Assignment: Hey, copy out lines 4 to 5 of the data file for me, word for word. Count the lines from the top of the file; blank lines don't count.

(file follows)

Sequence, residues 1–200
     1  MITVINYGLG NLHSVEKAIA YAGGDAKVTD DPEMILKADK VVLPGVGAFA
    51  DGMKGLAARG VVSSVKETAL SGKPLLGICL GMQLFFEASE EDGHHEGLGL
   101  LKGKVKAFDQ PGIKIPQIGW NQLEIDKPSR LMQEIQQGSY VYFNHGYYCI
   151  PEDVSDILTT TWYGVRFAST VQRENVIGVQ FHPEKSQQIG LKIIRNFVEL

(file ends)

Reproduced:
   101  LKGKVKAFDQ PGIKIPQIGW NQLEIDKPSR LMQEIQQGSY VYFNHGYYCI
   151  PEDVSDILTT TWYGVRFAST VQRENVIGVQ FHPEKSQQIG LKIIRNFVEL